11.1 Grammatical Representations
The simplest generative representation for problems
is an extension of the "slot-and-filler scheme" as it is
called in linguistics. In this scheme a problem is
expressed as a set of problem frames incorporating variables.
Each problem frame has a specification of the admissible
values that the variables or slots of the frame may assume.
The specification for the slots are either in the form of-
numerical limits or a set of admissible values for each
17
18
variable.
The slot-and-filler scheme can be enriched in two
directions. Uhr(33) reports one direction which is to
implement computationally defined relations between the
variables of a problem frame. By choosing certain
independent variables randomly, either within the permitted
range of values or from sets of admissible values, the
remaining variables could be computed from these randomly
chosen variables. The computational relations would
ensure that a meaningful problem is constructed from a
compatible selection of values for the variables in the
problem frame.
The second direction of enriching the slot-and-filler
scheme involves the use of a context-free grammar. Using
a context-free grammar, the problem frames are the language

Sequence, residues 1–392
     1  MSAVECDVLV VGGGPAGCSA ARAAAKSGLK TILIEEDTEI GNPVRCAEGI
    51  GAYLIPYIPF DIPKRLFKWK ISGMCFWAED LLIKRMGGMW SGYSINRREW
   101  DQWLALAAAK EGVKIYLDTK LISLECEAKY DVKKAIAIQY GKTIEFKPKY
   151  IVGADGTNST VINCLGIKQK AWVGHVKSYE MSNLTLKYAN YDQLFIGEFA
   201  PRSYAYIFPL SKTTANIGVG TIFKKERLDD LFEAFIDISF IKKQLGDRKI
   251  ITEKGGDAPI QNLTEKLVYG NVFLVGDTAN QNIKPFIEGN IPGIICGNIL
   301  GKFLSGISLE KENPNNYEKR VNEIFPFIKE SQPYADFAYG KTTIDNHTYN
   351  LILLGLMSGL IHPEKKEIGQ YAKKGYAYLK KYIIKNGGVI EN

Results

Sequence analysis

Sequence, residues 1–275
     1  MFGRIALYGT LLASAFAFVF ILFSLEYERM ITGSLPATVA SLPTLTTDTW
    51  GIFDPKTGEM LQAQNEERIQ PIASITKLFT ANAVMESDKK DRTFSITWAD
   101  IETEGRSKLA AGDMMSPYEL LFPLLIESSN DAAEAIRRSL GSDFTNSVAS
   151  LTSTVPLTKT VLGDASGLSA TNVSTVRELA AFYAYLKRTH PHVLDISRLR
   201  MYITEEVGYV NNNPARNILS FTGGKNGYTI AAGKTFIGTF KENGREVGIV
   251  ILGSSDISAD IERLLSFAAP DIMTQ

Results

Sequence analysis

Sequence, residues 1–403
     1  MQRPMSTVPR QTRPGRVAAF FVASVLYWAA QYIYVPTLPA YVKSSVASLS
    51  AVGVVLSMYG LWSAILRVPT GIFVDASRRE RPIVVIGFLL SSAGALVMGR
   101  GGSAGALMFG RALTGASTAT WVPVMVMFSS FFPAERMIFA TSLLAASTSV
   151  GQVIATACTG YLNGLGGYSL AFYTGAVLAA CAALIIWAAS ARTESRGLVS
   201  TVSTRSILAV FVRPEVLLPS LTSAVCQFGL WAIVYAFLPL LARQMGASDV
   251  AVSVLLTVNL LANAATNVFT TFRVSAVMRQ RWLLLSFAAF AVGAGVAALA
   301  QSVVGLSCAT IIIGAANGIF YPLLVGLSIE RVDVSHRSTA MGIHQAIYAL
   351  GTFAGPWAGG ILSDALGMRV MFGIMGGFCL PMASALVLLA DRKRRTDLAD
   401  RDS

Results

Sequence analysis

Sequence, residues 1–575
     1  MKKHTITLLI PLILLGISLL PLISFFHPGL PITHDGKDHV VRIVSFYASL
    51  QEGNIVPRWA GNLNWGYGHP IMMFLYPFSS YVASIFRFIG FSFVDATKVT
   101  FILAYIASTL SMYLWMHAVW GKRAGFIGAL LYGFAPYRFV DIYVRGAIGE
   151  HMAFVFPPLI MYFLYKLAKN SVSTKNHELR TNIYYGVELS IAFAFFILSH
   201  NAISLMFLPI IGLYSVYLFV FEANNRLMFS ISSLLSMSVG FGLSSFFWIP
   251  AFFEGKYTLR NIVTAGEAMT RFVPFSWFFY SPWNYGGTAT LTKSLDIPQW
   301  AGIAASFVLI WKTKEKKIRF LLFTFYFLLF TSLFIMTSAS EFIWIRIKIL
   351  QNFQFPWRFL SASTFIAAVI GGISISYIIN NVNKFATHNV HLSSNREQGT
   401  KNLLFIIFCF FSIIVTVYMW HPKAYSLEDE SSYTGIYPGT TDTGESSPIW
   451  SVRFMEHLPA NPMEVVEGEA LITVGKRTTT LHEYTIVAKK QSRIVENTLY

of the grammar. Thus unlike the slot-and-filler schemes
using the problem frames described above, the grammar-like
schemes are not limited to regular languages. The
grammar-like schemes have been used in the context of
problem generation for synthesizing data structures having
phrase structure.
Simple programs that use grammar-like schemes to
generate questions in artificial intelligence (developed
by Newell and Robertson) and in cognitive psychology
(developed by Waterman) have been in use at Carnegie-Mellon
University since 1971(24). The generations produced by
these programs are always grammatically and semantically
correct with respect to natural language theory. Most but
19
not all questions generated are meaningful within themselves.
The grammar-like generation schemes could also include
probability assignments that allow certain choices of
syntactic and semantic structures to be more or less